The push towards lifelong learning will soon get another boost, when the use of the Post-Secondary Education Account (PSEA) is extended to a wider variety of courses, including shorter ones.
The expansion, announced by Education Minister (Higher Education and Skills) Ong Ye Kung yesterday, will support those looking to develop specific skill sets, without the need to sign up for a full diploma or degree course, which may take years to complete.
Explaining the move, Mr Ong said: "This is the way learning will become. When we become adults, we learn in bite sizes."
The PSEA, set up in 2008, is meant to encourage young Singaporeans to complete their post-secondary education, where fees are much higher.
An account is opened automatically for eligible Singapore citizens aged seven to 20. It is closed when the account holder turns 30, and unused funds go into the CPF Ordinary Account. From April 1 last year to March 31 this year, 232,603 account holders used their PSEA.
This is the way learning will become. When we become adults, we learn in bite sizes.
EDUCATION MINISTER (HIGHER EDUCATION AND SKILLS) ONG YE KUNG, on the move to expand the Post-Secondary Education Account to cover a wider variety of courses, including shorter ones.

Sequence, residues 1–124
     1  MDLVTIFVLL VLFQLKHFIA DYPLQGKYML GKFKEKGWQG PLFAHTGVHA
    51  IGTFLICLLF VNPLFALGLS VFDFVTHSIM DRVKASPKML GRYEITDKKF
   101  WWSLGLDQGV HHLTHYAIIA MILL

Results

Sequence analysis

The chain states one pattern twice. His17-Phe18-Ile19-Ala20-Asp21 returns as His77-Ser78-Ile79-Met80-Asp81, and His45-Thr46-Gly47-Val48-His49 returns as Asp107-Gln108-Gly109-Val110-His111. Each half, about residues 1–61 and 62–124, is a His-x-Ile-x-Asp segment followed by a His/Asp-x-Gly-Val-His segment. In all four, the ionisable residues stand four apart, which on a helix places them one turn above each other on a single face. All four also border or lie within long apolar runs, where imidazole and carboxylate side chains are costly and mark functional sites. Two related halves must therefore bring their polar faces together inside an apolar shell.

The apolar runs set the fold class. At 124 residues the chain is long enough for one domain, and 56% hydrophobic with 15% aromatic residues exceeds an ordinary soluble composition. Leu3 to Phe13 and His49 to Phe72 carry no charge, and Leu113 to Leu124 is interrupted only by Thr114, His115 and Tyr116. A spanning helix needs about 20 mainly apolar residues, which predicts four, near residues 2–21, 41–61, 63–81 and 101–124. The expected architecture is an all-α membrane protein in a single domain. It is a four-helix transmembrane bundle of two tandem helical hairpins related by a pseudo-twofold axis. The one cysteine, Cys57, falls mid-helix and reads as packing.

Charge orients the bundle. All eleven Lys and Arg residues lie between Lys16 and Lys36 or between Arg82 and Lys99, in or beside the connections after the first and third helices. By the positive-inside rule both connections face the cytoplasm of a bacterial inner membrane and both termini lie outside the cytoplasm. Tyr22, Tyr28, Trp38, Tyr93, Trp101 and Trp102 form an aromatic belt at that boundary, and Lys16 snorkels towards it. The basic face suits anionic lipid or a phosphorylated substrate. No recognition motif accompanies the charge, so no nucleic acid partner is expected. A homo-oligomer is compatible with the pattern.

Currently, courses covered under the PSEA include most full- qualification programmes offered by publicly funded institutions, as well as Singapore Workforce Skills Qualifications courses and government-supported special education (Sped) schools.
The expansion will also allow students to pay for more courses beyond those subsidised by the Ministry of Education (MOE), including those offered by arts institutions Lasalle College of the Arts and Nanyang Academy of Fine Arts.
Mr Ong said the expansion reflects "the diverse options we have in skills training".
This extension of the use of the PSEA for more courses will be implemented progressively.
In addition, from next February, special needs students can tap the PSEA to pay for courses offered under SG Enable, an agency which supports people with disabilities.
This move recognises the need to support Sped school graduates with continuing training beyond their school years.
Speaking at an event to celebrate the school-to-work transition programme for Sped graduates, Mr Ong said this would help those with special needs to "gain a skill and stay relevant in the workforce".
Mr Ong said MOE is also reviewing the usage of the PSEA to better complement the SkillsFuture Credit, which gives Singaporeans aged 25 and older an initial $500 credit to pay for skills courses.